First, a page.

|Higgenbotham Cave, Henshaw Cave|
Cumberland Caverns - Three Chessmen
|Length||32 miles (51 km)|
|Discovery||1810 by Aaron Higgenbotham|
|Higgenbotham Cave, Henshaw Cave, Onyx Curtain|
|Show cave opened||1955|
Cumberland Caverns is located in McMinnville and an operating show cave. It is a national natural landmark. It is the second longest cave in Tennessee and makes the list of longest caves in the United States and in the world. Stalagmites, stalactites, helictites, flowstone, cave pearls, botryoidal coral, gypsum flowers, needles, and pure white gypsum snow, as well as a wide variety of cave life are inside.
The main entrance was discovered by Aaron Higgenbotham in 1810 while he was surveying the nearby Chickamauga Trail on Cardwell Mountain in what is now Warren County. According to legend, Higgenbotham was the first man to enter the cave and it was named Higgenbotham Cave in his honor. Another smaller cave, also located on Cardwell Mountain, was also discovered about this time and was named Henshaw Cave. Although not nearly as big as Higgenbotham Cave, Henshaw Cave proved to be a source of saltpeter (the main ingredient of gunpowder) and was operated as a saltpeter mine during perhaps both the War of 1812 and the Civil War.
Higgenbotham Cave became a favorite spot for local adventurers during the 19th century and groups would ride out to the entrance in hay wagons and make the strenuous trip to a point in the cave now known as the Ten Acre Room. In the days of the hay wagon parties, it was called the Big Room. Here, many visitors left their names and the date candled on the ceiling.
In the early 1940s, members of the National Speleological Society (NSS) began to explore Higgenbotham Cave began. Within a decade, they had greatly increased the known extent of the cave. In 1953 a connection was discovered between Henshaw Cave and Higgenbotham Cave. This connection was named the Meatgrinder because of its small size and shape. Soon afterwards, some of these explorers leased the cave from its owner, Mr. Andy Powell, and developed it into a commercial cave. The cave opened under the name Cumberland Caverns on July 4, 1956 and has been open to the public since that time.
The Cumberland Caverns company offers year-round commercial tours of the cave, claiming it is the largest show cave in Tennessee. Tours include a daytime walking tour, spelunking tours, overnight tours, and educational field trips. Weddings, banquets, and birthday parties are also hosted. Before reaching the cave, tourists pass through a gift shop that sells tour tickets, souvenirs, and novelty items.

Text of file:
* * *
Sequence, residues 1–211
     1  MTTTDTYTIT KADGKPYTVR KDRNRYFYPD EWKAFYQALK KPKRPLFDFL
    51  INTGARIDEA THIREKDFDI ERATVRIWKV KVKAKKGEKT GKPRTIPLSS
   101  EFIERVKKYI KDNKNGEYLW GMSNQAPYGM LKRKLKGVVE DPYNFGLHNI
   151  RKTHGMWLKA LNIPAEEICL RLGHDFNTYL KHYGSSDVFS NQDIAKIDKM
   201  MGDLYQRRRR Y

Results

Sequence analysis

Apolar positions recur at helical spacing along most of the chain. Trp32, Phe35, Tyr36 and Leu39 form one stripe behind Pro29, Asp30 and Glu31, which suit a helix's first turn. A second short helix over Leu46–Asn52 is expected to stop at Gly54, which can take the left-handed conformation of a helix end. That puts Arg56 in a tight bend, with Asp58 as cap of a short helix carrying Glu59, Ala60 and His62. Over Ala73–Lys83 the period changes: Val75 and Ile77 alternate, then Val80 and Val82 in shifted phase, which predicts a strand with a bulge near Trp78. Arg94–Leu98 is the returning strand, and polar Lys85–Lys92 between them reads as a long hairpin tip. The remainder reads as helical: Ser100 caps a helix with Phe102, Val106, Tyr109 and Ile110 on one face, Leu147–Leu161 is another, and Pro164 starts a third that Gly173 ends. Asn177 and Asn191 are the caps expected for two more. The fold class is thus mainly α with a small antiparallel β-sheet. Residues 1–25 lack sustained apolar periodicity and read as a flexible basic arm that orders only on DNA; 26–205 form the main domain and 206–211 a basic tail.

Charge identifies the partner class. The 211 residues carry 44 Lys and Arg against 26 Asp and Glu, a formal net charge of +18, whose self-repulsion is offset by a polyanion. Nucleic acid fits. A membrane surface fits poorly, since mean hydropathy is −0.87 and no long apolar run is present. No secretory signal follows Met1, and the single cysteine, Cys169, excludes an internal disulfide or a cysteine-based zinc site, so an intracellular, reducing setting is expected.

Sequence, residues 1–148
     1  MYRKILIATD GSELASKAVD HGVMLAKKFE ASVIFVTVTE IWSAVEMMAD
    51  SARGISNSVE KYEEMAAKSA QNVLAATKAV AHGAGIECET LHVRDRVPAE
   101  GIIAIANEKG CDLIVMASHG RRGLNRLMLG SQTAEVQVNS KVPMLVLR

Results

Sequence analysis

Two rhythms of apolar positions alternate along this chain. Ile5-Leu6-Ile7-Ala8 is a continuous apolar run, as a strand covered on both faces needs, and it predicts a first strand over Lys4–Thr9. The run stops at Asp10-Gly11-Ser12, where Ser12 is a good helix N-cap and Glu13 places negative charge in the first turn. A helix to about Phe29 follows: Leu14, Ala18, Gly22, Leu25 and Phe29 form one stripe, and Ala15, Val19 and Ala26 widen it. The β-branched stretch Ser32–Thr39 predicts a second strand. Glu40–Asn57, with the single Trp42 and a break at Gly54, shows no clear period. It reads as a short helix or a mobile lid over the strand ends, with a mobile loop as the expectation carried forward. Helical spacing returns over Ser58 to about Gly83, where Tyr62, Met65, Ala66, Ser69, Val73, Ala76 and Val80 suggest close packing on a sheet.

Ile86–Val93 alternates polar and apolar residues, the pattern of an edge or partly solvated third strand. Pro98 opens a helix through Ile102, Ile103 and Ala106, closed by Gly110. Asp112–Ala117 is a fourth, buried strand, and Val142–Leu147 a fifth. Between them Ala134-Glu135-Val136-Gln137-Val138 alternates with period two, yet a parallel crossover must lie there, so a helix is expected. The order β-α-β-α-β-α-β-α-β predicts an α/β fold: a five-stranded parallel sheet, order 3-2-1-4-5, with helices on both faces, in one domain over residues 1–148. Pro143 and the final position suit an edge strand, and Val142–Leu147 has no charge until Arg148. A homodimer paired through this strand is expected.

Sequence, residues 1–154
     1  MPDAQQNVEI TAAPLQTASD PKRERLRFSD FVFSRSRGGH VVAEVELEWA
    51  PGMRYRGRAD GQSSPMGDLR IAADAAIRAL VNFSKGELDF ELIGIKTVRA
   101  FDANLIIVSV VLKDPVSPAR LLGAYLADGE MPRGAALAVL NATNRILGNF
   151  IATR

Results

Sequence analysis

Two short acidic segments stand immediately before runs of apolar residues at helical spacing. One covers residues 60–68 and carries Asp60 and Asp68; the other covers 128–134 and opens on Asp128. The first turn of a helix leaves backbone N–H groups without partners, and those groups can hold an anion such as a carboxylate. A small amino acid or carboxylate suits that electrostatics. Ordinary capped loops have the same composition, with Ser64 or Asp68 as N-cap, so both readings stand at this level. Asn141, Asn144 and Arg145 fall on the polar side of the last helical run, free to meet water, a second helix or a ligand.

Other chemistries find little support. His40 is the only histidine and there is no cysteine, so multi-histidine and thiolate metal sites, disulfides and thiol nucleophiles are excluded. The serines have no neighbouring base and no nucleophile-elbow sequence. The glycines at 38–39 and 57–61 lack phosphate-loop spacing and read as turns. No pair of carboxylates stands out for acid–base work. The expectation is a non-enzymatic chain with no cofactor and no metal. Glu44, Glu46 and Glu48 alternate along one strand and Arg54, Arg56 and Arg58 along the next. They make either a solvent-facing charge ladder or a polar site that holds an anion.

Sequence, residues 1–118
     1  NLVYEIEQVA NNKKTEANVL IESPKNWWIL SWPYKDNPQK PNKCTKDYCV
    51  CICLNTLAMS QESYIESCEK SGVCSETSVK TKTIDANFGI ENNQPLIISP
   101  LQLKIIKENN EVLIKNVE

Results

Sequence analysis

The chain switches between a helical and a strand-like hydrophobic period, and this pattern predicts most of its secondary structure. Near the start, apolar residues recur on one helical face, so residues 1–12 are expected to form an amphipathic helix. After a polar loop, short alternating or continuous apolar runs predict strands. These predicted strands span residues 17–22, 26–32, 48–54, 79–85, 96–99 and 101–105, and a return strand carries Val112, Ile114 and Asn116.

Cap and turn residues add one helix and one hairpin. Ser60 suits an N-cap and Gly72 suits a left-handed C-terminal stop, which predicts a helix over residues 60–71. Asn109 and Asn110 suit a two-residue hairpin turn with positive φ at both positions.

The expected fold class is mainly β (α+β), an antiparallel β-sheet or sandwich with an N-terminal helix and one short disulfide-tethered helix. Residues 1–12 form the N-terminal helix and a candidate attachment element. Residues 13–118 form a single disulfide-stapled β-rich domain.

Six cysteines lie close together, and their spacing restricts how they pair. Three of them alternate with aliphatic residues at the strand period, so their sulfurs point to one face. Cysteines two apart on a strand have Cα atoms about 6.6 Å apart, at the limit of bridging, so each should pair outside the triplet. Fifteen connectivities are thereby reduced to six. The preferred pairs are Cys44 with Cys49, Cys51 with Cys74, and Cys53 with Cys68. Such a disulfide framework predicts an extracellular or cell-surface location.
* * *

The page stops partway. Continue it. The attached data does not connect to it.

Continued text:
Formations of interest within the cavern include:
- the "Volcano Room," where many of the cave's commercial events are hosted.
- "Monument Pillar," a large flowstone formation.
- "Crystal Palace," which contains crystals and gypsum flowers.
- three spelunking tunnels known as "the Devil's Backbone" due to their winding spine-like walkways.
- the "Lemon Squeezer," so named because its widest point is only 11 inches (280 mm).
- "Bubblegum Alley," a passageway similar in size to the Lemon Squeezer but with damper ground that makes it sticky.
- "the Hall of the Mountain King," whose dimensions of 600 ft (180 m) long by 150 ft (46 m) wide by 140 ft (43 m) tall make it one of the largest cave rooms in eastern North America.
- Barr, Jr,, Thomas C. (1961). Caves of Tennessee, Bulletin 64. Nashville, Tennessee: State of Tennessee, Department of Conservation and Commerce, Division of Geology. pp. 470–482. ISBN 9780979617805.
- "Discover Cumberland Caverns". Cumberland Caverns. Retrieved 10 March 2015.
- "Historic National Landmark". Cumberland Caverns. Retrieved 10 March 2015.
- Gulden, Bob (June 17, 2014). "USA LONGEST CAVES by STATE". NSS Geo2 Committee on Long and Deep Caves. Retrieved 10 March 2015.
- Gulden, Bob (January 1, 2015). "USA LONGEST CAVES". NSS Geo2 Committee on Long and Deep Caves. Retrieved 10 March 2015.
- Gulden, Bob (January 1, 2015). "WORLDS LONGEST CAVES". NSS Geo2 Committee on Long and Deep Caves. Retrieved 10 March 2015.
- "Cumberland Cavern (Higginbotham and Henshaw Caves)". National Natural Landmarks Program. National Park Service. June 28, 2012. Retrieved March 10, 2015.
- Matthews, Larry E.  2005 Cumberland Caverns ISBN 0-9615093-4-1
- "PBS Arts Gallery." PBS.  Accessed 28/12/2012.
- Crawford, Nicholas (1981). "Guidebook to karst and caves of Tennessee: emphasis on the Cumberland plateau escarpment region". Eighth International Congress of Speleology: 14. Retrieved 28 February 2015.
- "What Waits Below." IMDb. IMDb.com, n.d.  Accessed 29/12/12.